Cuckoo Smurfing and Money Laundering

August 8, 2017 Australia , Crime , Opinion , OPINION/NEWS

Reuters photo



Ricardo Swire


Caribbean internal security intelligence officials have been sensitized by Australia’s most recent Federal Court action against the Commonwealth Bank of Australia Limited (CommBank) for an innovative Cuckoo Smurfing spree, along with “serious and systematic non-compliance.” The Cuckoo Smurfing technique is a type of financial structuring in which recruited individuals make cash deposits in amounts under the declarable $10,000 threshold. The Cuckoo Smurfer moves money from one place to another using a network of contacts, developed from traditional import-export activity.

If a criminal in London wants to pay-off another criminal in New York, in the amount of $10,000, the Londoner goes to a local Cuckoo Smurfer gives him/her $10,000. The Cuckoo Smurfer calls up an associate in New York and ask him/her to pay the underworld character in New York $10,000. The London based Cuckoo Smurfer settles with the associate in New York on a later date. Cash transactions all made outside the structured financial system. Profits are also derived from underpricing or overpricing traded goods.

Evidence confirms criminal masterminds recognize that several “unrelated” lodgments make illegitimacy hard to detect. On the surface such transactions appear as arbitrary individuals putting money in the national financial system. CommBank is an Australian multinational financial institution with offices in America, Asia, New Zealand, Fiji and the United Kingdom. In 2014 the Australian government instituted compulsory financial institution reporting. Local banks began “de risking” or refusing to open accounts for registered “alternative” remittance service providers.

Australia’s Transaction Reports & Analysis Center (AUSTRAC) explained that although CommBank declared more than four million transactions annually, it conveniently forgot to report irregularities related to business worth more than Aus$77 million. The doyen Australian Financial Intelligence Unit routinely shares data with associated internal revenue and law enforcement agencies. AUSTRAC electronically connected CommBank’s multi-million dollar mystery to fifty-three thousand, seven hundred anti-money laundering and counter-terrorism violations.

Underworld characters used CommBank’s state-of-the-art Intelligent Deposit Machines (IDMs) to launder tainted cash. These particular IDMs were targeted because of operational security loopholes. The Australian Financial Intelligence Unit noted each machine allowed Aus$20,000 per transaction, with no daily activity limit. CommBank’s IDMs calculated every payment and immediately credited nominated accounts.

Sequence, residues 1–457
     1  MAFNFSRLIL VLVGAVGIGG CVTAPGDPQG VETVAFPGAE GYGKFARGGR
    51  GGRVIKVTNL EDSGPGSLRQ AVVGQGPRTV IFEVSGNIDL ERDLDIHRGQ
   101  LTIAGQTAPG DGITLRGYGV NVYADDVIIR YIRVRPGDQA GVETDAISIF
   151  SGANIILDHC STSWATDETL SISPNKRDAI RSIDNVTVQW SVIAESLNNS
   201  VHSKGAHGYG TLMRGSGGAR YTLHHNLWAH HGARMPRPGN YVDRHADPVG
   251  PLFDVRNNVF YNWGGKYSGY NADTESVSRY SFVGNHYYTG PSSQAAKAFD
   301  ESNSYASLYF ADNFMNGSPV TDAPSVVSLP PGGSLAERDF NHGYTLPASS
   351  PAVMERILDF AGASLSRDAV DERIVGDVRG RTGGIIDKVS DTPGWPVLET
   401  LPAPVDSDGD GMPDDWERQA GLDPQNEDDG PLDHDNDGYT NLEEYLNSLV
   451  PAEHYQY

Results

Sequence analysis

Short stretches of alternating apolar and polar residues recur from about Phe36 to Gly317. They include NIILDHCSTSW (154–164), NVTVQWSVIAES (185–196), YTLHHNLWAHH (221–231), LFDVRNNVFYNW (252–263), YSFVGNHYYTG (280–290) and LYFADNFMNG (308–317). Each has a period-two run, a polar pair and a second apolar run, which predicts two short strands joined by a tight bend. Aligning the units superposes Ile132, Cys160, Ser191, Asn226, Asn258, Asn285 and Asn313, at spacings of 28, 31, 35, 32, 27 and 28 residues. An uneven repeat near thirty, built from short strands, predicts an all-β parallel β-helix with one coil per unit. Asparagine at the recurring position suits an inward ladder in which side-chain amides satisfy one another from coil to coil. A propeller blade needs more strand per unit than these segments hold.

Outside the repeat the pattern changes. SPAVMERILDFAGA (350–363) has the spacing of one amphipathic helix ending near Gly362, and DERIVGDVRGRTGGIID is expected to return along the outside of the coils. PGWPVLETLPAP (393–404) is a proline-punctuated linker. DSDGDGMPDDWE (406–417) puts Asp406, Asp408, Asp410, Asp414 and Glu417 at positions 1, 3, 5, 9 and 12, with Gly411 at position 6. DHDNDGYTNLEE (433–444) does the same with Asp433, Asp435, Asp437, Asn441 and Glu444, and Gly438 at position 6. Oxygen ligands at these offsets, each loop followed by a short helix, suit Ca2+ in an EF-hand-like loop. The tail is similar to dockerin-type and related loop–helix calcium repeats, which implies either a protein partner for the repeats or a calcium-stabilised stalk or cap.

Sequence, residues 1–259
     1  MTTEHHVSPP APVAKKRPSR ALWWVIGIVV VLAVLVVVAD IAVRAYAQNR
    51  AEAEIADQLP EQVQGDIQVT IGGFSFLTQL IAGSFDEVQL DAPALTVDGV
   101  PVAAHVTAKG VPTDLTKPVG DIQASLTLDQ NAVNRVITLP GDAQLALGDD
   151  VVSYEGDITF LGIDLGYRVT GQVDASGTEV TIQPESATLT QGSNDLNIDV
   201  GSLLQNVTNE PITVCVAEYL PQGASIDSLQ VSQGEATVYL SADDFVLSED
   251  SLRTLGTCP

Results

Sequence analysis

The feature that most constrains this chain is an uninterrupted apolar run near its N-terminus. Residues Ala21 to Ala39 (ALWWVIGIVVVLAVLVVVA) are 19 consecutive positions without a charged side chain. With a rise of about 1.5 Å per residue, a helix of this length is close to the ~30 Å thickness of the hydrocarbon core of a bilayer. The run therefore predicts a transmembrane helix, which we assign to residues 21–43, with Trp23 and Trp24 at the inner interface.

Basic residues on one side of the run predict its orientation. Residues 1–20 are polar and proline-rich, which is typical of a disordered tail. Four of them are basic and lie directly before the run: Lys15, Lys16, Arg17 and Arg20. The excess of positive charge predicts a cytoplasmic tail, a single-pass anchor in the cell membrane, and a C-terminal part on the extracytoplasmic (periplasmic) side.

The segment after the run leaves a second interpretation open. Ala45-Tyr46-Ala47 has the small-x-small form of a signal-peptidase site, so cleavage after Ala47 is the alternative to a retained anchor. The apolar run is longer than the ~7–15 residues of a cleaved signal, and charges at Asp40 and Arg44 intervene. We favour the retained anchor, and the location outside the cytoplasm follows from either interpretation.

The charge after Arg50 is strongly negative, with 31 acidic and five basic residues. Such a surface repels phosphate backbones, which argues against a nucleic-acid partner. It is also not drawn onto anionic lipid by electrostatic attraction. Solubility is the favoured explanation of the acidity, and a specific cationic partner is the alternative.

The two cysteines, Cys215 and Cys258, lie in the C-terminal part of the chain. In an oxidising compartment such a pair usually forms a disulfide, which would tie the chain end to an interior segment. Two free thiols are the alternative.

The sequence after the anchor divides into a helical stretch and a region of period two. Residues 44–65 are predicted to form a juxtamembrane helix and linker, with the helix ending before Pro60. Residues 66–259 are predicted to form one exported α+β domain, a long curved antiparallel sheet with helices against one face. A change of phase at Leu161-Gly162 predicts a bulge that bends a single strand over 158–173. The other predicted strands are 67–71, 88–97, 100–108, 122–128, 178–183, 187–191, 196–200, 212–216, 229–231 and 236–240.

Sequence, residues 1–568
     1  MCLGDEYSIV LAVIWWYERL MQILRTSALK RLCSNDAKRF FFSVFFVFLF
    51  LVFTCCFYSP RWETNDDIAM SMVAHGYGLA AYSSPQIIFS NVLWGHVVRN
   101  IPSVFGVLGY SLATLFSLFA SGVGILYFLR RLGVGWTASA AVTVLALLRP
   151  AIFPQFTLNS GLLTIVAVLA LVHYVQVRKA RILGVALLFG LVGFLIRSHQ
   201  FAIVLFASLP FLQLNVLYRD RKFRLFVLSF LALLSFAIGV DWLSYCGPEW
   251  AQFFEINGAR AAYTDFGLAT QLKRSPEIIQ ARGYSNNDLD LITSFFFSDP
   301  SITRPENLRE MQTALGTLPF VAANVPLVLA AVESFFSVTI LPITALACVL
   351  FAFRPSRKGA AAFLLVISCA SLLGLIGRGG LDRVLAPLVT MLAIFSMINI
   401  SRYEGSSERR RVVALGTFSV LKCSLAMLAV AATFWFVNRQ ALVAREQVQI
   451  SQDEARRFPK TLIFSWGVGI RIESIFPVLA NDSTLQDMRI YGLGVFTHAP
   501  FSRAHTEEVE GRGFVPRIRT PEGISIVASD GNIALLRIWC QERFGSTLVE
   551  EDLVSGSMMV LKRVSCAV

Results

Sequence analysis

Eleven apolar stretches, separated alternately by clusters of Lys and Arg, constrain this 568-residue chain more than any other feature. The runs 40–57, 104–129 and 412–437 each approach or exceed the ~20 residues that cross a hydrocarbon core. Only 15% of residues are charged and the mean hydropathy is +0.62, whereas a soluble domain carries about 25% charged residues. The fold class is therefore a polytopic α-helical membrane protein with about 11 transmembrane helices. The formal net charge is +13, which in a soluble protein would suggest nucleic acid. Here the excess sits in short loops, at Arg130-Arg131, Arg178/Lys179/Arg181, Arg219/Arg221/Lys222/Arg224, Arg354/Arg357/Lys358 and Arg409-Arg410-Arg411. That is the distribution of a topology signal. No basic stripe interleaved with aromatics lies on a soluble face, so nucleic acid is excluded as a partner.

Individuals made deposits incognito because the bank’s smart technology does not register cardholders’ details unless the individual is a CommBank client. Such anonymity, coupled with immediate cash availability, facilitated speedy domestic and international transfers. Money was deposited by fake names and directed to two known drug syndicates. Between 2012 and 2015 CommBank did not observe specified financial institution cash reporting rules for transactions valued Aus$10,000 or upward.

For the Fiscal Year 2016 CommBank recorded Aus$9.45 billion profit or a three percent increase, a meteoric rise compared to Aus$89 million after its IDM’s first six months of operations. Patterns show Australian banks routinely use the cash profit measure rather than net profit as their preferred performance gauge. AUSTRAC identified five criminal organizations that used CommBank accounts for Cuckoo Smurfing. The underworld syndicates orchestrated optical paper trails of inter-country money transfers, without actually sending cash across international borders.





Ricardo Swire - Tuck Magazine

Ricardo Swire

Ricardo Swire is the Principal Consultant at R-L-H Security Consultants & Business Support Services and writes on a number of important issues.

Editor review


No Comments Yet!

You can be first to comment this post!

Leave a Reply

This site uses Akismet to reduce spam. Learn how your comment data is processed.